After 100 years, is BP going senile?

Posted by jossc — 5 May 2009 at 11:35am - Comments

Getting to be 100 years old is a proud milestone, but it usually comes with some complications - which can include a loss of critical faculties. As BP directors and shareholders meet to celebrate the company's centenary in London this evening, they'd be well advised to seriously question whether BP's massive investment in Canadian tar sands (pictured here) is evidence of senility setting in.

Consider the facts. In 1909 BP had a straightforward strategy: "Drill a hole in the Iranian desert. Get rich." In 2009 they've opted to invest decisively in one of the most destructive fuel sources possible - tar sands - whilst axing staff in their renewables sector. BP advertThe process of extracting oil from the bitumen layers underlying Alberta's boreal forest is destroying over 200,000 hectares of trees and belching out thousands of tonnes of climate wrecking gases every day. And, because of the complicated extraction methods, tar sands projects can lose companies such as BP millions of pounds. Last week, Shell revealed that its involvement in tar sands had lost the company £28million in just three months. Madness? It certainly looks that way.

So this isn't just bad for the planet. It's also awful news for BP shareholders as the tar sands projects look set to hit them hard. But you'd never guess from BP's own advertising, which still deceptively insists that they are heading 'beyond petroleum'.

Which is why we've placed an advert in tomorrow's Guardian to set the record straight. It details the complicated, destructive, money-losing process that is required to extract oil from tar sands and asks 'At 100 years, is BP going senile'?

You can judge for yourself by taking a few minutes to check out Greenpeace Canada's new Petropolis website, which features a new video detailing stunning arial views of the destruction plus a fascinating audio slideshow, with our photographer describing the constant harassment he got from local security services simply for trying to legally document what's been going on.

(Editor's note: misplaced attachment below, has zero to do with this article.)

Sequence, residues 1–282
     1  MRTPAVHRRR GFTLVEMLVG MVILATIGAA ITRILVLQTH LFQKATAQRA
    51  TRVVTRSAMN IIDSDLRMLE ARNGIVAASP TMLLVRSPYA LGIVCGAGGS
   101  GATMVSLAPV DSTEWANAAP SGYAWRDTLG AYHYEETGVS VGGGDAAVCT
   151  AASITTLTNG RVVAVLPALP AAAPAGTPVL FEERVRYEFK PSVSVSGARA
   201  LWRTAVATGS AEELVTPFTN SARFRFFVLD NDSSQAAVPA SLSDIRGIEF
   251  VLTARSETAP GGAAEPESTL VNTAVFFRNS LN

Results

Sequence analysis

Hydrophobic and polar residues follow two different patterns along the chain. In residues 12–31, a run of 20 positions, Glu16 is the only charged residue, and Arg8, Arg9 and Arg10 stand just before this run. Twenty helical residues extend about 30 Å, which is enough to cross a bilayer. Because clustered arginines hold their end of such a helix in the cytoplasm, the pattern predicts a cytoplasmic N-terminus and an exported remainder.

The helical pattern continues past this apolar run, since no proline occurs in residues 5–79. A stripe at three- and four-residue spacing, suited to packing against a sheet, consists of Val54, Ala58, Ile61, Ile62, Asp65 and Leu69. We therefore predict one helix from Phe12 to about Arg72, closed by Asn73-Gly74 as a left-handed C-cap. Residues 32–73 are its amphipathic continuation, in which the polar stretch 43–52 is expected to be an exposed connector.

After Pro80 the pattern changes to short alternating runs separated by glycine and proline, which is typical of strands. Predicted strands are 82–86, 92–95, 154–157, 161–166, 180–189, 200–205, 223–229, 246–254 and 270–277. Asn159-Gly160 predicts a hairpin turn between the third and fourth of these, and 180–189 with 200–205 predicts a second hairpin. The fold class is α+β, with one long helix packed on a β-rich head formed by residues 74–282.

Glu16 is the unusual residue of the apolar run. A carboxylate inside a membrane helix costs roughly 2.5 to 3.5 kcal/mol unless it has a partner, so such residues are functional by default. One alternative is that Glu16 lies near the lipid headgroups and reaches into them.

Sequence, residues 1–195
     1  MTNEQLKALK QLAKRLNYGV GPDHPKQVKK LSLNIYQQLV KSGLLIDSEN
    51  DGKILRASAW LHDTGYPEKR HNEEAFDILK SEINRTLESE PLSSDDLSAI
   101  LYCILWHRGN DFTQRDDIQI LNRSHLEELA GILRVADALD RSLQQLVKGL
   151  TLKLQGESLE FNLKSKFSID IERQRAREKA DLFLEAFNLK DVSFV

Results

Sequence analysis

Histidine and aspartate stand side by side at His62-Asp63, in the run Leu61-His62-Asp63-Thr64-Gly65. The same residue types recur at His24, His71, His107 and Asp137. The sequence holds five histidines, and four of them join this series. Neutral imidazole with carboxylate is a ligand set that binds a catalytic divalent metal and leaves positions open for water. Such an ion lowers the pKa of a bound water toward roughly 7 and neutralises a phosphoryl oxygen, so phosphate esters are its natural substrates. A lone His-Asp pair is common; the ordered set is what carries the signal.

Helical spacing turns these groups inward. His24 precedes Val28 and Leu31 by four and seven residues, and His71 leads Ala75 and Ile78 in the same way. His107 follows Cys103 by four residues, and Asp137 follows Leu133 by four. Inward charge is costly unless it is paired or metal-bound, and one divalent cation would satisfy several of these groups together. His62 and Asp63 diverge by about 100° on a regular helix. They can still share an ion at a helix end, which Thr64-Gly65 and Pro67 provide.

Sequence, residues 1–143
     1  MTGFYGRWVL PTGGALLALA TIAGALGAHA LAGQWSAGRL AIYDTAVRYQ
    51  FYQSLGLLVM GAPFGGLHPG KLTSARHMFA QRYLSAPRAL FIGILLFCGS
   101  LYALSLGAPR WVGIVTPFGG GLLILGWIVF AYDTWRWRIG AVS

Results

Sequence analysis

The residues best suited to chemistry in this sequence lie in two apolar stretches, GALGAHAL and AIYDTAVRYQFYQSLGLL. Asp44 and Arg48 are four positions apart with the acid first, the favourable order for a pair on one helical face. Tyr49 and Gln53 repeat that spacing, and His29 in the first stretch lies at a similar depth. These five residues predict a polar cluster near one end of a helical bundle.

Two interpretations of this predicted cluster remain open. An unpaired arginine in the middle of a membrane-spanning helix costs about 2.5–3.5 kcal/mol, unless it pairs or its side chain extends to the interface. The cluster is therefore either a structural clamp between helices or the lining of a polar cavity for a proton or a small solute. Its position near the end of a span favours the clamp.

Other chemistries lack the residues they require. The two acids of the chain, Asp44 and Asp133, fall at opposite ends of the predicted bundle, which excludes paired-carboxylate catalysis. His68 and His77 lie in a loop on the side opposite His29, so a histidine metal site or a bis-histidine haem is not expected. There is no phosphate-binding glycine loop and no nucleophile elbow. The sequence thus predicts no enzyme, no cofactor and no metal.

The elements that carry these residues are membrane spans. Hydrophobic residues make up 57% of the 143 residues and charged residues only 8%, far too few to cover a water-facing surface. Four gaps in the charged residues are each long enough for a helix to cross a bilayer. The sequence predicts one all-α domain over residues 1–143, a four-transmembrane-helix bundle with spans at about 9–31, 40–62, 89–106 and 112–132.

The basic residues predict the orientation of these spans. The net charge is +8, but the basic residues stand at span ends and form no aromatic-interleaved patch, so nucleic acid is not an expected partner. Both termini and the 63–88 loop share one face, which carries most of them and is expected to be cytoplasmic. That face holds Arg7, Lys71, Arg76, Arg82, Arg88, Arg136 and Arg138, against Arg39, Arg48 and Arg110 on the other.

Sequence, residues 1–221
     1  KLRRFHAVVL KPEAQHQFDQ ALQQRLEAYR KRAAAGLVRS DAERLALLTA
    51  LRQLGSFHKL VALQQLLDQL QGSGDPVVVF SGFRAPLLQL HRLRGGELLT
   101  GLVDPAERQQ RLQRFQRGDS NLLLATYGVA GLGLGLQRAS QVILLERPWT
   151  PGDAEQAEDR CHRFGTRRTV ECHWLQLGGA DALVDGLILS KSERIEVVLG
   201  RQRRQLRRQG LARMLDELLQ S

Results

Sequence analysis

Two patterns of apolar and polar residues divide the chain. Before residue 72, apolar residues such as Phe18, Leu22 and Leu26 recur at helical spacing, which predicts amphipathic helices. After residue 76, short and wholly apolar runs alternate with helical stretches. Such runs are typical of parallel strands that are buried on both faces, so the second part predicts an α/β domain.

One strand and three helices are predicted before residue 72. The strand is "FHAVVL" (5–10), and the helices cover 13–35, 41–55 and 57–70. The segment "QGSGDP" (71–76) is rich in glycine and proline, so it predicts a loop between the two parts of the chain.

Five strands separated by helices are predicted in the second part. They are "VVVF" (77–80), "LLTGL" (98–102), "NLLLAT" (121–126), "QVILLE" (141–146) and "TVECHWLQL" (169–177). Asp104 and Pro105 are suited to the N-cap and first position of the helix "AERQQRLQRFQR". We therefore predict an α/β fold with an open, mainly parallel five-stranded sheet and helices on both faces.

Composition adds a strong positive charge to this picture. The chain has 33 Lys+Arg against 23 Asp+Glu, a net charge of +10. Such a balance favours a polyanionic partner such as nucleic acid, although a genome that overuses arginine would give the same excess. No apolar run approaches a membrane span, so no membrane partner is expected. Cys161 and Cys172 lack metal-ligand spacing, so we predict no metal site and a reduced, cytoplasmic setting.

Just for the record, tar sands are a mixture of sand, clay and a heavy crude oil called bitumen that is either mined in open pits or extracted from underground by injecting superheated water. BP uses the latter method, which releases up to five times more greenhouse gases than conventional oil production. At full capacity, their tar sands project will emit the equivalent of over 24,000 tonnes of carbon dioxide a day.

So, 'beyond petroleum?' - hardly. Last year we presented BP with our first annual "Emerald Paintbrush" award for services to misleading advertising and greenwash - looks like they're getting in an early bid to win this year's competition as well.

Take Action

Tell Prime Minister Stephen Harper to stop Canada's development of the tar sands. Dirty oil production in the tar sands is accelerating climate change and putting the world's future at risk.

About Joss

Bass player and backing vox in the four piece beat combo that is the UK Greenpeace Web Experience. In my 6 years here I've worked on almost every campaign and been fascinated by them all to varying degrees. Just now I'm working on Peace and Oceans - which means getting rid of our Trident nuclear weapons system and creating large marine reserves so that marine life can get some protection from overfishing.

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